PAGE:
RALEIGH, N.C. — Architect Louis Cherry sees the two-story structure — with its exposed beams, masonry piers, deep overhangs and shallow-pitched roof — as a “contemporary interpretation” of the Craftsman-style homes that dot Raleigh’s Historic Oakwood District.
But to some of Cherry’s neighbors, the cypress-sided house at 516 Euclid St., is Frank Lloyd Wrong, and nearly six months into construction, with the home about 85 percent finished, Cherry and wife Marsha Gordon face the possibility that they might have to tear down their dream house.
“It was very much our intention to design and build a house that people would really like and accept,” Cherry said on a recent overcast morning as he and Gordon stood in the shell of what they hope will be their master bedroom. “It was very surprising to us that there’s been this reaction, as if this is some crazy, modernist intervention.”
Decisions by historic-zoning districts are appealed all the time. But John Hildreth, a vice president of the National Trust for Historic Preservation, says this is one case with a bit of a twist.
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“In the way it’s gone forward, and with construction being as far along as it is, to have that kind of action taken, it’s pretty unusual,” says Hildreth, based in Charleston, S.C.
The fight between neighbors began in September, when the Raleigh Historic Development Commission issued a certificate of appropriateness, or COA, for the couple’s 2,100-square-foot house. A few days later, Gail Wiesner, who lives in the sherbet-green bungalow across the street, filed a notice of intent to appeal.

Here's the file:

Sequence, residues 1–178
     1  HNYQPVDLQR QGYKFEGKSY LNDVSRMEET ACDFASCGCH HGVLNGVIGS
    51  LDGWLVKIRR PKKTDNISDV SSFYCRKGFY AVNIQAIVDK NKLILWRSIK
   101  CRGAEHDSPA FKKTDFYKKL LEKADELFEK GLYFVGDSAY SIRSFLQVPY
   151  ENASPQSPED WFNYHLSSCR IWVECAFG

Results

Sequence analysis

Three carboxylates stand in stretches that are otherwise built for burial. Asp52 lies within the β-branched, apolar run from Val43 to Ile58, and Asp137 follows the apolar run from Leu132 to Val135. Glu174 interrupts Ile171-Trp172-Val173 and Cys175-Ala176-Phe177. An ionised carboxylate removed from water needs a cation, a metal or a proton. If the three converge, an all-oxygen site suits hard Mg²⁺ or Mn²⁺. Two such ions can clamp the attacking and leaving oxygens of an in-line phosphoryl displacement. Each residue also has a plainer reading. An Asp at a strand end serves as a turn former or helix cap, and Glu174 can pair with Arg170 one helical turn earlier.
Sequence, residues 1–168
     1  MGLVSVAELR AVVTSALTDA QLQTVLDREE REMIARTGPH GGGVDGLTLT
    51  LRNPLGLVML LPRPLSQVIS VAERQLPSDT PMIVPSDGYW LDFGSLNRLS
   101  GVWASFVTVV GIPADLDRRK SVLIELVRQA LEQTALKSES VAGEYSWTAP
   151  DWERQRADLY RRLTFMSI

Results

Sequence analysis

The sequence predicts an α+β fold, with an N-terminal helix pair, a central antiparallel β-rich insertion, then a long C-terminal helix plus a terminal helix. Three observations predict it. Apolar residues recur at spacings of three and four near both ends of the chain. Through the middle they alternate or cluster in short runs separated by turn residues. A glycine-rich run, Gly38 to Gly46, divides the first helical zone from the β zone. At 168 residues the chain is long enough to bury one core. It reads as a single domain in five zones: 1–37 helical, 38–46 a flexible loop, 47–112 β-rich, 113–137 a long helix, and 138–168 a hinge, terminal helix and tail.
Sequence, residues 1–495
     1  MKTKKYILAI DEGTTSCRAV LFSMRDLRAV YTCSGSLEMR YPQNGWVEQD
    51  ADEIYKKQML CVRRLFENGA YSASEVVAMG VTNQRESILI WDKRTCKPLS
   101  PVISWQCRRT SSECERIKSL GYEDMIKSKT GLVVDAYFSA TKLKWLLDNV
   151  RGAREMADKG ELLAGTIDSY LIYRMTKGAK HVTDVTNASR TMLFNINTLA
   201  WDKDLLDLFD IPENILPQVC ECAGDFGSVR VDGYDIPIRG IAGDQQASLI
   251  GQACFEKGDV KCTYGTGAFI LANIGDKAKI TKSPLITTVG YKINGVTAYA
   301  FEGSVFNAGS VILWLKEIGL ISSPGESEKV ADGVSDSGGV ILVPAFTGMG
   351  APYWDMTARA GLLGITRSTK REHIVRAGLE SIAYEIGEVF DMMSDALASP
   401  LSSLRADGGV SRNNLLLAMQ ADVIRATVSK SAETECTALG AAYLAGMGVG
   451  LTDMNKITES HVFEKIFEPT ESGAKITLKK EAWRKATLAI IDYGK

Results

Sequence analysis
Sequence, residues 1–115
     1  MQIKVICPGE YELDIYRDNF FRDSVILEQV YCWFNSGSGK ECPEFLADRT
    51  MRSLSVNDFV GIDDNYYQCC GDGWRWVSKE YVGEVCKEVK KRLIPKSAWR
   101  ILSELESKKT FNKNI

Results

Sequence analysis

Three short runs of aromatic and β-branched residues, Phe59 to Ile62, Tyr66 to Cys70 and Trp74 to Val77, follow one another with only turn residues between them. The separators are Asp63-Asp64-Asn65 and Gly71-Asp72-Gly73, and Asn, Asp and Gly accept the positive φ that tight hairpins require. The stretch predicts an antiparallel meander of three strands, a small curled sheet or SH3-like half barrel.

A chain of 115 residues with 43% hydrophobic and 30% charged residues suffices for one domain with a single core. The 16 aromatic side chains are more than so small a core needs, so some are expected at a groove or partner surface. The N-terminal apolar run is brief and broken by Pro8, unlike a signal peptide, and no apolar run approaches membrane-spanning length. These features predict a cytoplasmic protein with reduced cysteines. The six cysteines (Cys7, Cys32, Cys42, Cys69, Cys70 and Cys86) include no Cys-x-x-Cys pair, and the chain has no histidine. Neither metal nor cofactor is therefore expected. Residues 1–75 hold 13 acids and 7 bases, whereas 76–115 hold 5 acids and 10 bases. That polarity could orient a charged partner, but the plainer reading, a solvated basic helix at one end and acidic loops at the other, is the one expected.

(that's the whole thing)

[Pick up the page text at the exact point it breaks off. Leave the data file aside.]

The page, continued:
Cherry and Gordon proceeded with construction, saying the city advised them the appeal was merely “procedural.”
Wiesner, a real-estate agent whose home was built in 2008, said the commission’s COA panel violated several procedures. She called the design “garishly inappropriate” and said Cherry and Gordon “failed to meet their burden of producing competent, material and substantial testimony and evidence to show that their proposed project preserves the special character of the Oakwood Historic District.”
Oakwood is an eclectic mix of 19th- and early 20th-century architectural styles, from ornate Italianate mansions and mansard-roofed Victorians, to quaint bungalows and brightly painted shotgun houses.
The historic district was created in the 1970s, when residents banded together to stop a proposed highway that would have cut through the neighborhood’s heart.
Last month, the city’s Board of Adjustment voted 3-2 to overturn the certificate of appropriateness. The panel sent word to City Hall to issue a “stop-work” order.
Mary Iverson, who owns four historic homes in the neighborhood, says the Cherry house is beautiful, but it doesn’t belong in Oakwood.
“That is a leap of 100 years of design architecture,” she says. “So that’s not an evolution. That’s a, ‘So let’s go to another planet.’ ”
Gene Conti — whose 1875 Victorian was in the path of the proposed highway — likes the modern house, but hates what this fight is doing to Oakwood.
“I think it’s been unfortunate … to have this kind of acrimony all across the neighborhood and have people arguing one side or the other in a very mean-spirited way,” he says. “Oakwood is a historic neighborhood by designation. But it doesn’t mean all the houses are frozen in time.”
Gordon and Cherry say what’s happening to them is a violation of Oakwood’s spirit.
“I mean, you can’t build an old home,” Cherry said as he stood beside piles of planks and bricks waiting for construction.
City Attorney Thomas McCormick said this week that he would appeal the adjustment board’s decision in Wake County Superior Court.